PROGRAMMING NOTE: Human Target will be moving back to Wednesdays next week, though it's on an hour earlier--8:00 instead of 9:00--to avoid bumping heads with Criminal Minds. That denies it the tasty lead-in from American Idol, but leaves Idol free to rampage across the 9:00 hour at will. As long as it keeps this show afloat, they can broadcast it whenever the hell they like…
In keeping with the "we can't afford to blow up an airport every episode" caveat, Human Target focuses less on impending explosions and more on Bond-style intrigue this week. It doesn't hurt that Christopher Chance (Mark Valley) looks damn good in a tux, or that he finds a partner in crime (Emmanuelle Vaugier) with whom Daniel Craig would be proud to share a martini. The producers have concocted a typically enjoyable bit of balderdash to put him through his paces--something about a spy selling plans to the highest bidder--while adding a running clock by poisoning Chance and letting his colleagues hunt for the antidote. It keeps the show's marvelously buoyant atmosphere intact without subjecting the budget to undue strain.
Which isn't to say there's no action. While the bulk of "Embassy Row" concerns a party at the Russian Embassy (where Chance needs to ferret out the spy), it still finds ways for him to throw a few punches and blast a few bad guys. It follows a simplistic but seaworthy whodunit structure, embodying a few bits of detective work, but marked primarily by the rapport between Chance and Vaugier's Agent Barnes. They have a delightful fight/tango in the center of the episode, combining imaginative choreography with playful banter that establishes them as well-matched equals. Human Target could use a strong recurring female character, and hopefully Barnes will continue to fit the bill.
The remainder of the episode allows them to play off of each other as they run through the burgeoning espionage scenario. The Russians want the hidden spy too, creating a delightfully confused quagmire of conflicting loyalties and friends who may become enemies at the drop of a hat. The finale holds plenty of excitement thanks to the poison coursing through Chance's system, and director Steve Boyum keeps tension and humor nicely balanced throughout the running time. A few bits of hand waving show up--making a lock pick out of far-fetched items, for instance, or a slow-acting toxin that has no appreciable effect until you drop dread--but as usual, Human Target delivers them with a knowing twinkle that makes them more in-joke than faux pas.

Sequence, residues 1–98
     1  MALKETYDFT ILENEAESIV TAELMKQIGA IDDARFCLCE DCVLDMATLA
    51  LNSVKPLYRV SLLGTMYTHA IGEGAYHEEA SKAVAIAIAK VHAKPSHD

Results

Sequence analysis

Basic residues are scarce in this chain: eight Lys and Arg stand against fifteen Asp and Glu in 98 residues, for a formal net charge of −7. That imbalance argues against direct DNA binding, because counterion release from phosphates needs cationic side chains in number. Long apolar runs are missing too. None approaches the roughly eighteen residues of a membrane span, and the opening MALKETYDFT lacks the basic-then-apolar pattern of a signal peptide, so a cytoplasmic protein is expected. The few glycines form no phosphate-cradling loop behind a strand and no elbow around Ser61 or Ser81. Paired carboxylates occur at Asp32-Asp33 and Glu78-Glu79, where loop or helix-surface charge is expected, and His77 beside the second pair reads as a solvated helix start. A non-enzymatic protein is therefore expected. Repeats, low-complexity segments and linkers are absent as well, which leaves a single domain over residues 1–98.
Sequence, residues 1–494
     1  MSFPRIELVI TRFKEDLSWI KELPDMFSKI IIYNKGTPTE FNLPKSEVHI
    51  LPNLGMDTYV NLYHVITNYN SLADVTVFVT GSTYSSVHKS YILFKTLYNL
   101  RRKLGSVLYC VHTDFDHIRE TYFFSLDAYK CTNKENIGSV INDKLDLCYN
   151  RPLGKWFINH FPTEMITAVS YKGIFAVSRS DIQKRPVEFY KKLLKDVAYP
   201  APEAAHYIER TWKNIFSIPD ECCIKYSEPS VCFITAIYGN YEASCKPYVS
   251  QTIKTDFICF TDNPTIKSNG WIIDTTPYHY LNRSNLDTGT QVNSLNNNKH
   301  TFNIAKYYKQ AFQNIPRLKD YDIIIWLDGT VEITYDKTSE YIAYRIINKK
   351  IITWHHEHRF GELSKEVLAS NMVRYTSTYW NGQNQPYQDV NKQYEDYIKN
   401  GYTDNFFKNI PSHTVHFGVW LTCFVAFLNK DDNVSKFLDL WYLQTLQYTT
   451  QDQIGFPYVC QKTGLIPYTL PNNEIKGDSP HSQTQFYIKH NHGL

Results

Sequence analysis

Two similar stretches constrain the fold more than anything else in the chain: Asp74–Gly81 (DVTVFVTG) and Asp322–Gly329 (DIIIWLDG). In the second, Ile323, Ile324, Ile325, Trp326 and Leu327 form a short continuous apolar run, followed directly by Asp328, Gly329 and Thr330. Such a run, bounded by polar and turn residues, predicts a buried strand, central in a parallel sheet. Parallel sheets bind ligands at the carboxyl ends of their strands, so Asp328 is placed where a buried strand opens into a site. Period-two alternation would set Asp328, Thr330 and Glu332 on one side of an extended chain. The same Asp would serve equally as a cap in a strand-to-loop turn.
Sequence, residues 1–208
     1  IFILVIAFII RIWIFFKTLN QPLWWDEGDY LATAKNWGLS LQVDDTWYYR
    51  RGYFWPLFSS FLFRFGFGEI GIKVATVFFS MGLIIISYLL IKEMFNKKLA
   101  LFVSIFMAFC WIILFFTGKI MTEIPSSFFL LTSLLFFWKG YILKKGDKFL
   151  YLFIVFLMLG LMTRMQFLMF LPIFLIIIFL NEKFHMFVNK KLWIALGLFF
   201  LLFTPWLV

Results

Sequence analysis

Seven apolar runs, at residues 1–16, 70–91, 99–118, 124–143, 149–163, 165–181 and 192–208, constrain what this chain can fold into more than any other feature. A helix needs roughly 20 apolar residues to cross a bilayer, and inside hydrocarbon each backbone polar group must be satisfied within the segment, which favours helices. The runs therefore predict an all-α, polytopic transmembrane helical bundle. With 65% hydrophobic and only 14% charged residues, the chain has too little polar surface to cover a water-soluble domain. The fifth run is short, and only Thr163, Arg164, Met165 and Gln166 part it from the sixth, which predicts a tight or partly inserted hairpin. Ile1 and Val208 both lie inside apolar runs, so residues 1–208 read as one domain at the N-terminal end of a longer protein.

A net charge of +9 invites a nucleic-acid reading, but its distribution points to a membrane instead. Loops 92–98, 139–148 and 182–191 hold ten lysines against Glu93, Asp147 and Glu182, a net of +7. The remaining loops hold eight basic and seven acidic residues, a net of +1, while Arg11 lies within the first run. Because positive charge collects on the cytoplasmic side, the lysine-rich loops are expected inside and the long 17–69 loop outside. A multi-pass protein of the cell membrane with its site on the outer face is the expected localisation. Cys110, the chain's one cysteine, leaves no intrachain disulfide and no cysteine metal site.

Which brings us to Chance's back-up team and yet another chance to sing Jackie Earle Haley's praises. His nonchalant bagman is charged with finding the antidote for Chance, which he undertakes with the same bemused detachment with which he conducts every other operation. Haley's repeated use of "dude" evokes his old Kelly Leak days, and his appearance in the climax holds the right amount of attitude without upstaging Chance. (Chi McBride sadly, has much less to do, but we'll let that slide this week.)
More importantly, "Embassy Row" demonstrates the exact kind of versatility which the show requires in order to thrive. It moves past the set piece notion for the first time, and while I'm sure we'll get back to the public-transit-in-peril scenarios soon enough, that can wait for now. "Embassy Row" doesn't quite rock the doors off the place, but it never drops the ball either: delivering on its promises while exploring some slightly quieter corners of the genre. It even sheds a little light on Chance's past, courtesy of Barnes whose future appearances should be just as much as fun as this one. Like the rest of Human Target, that prospect more than merits a prime spot on your TiVo list.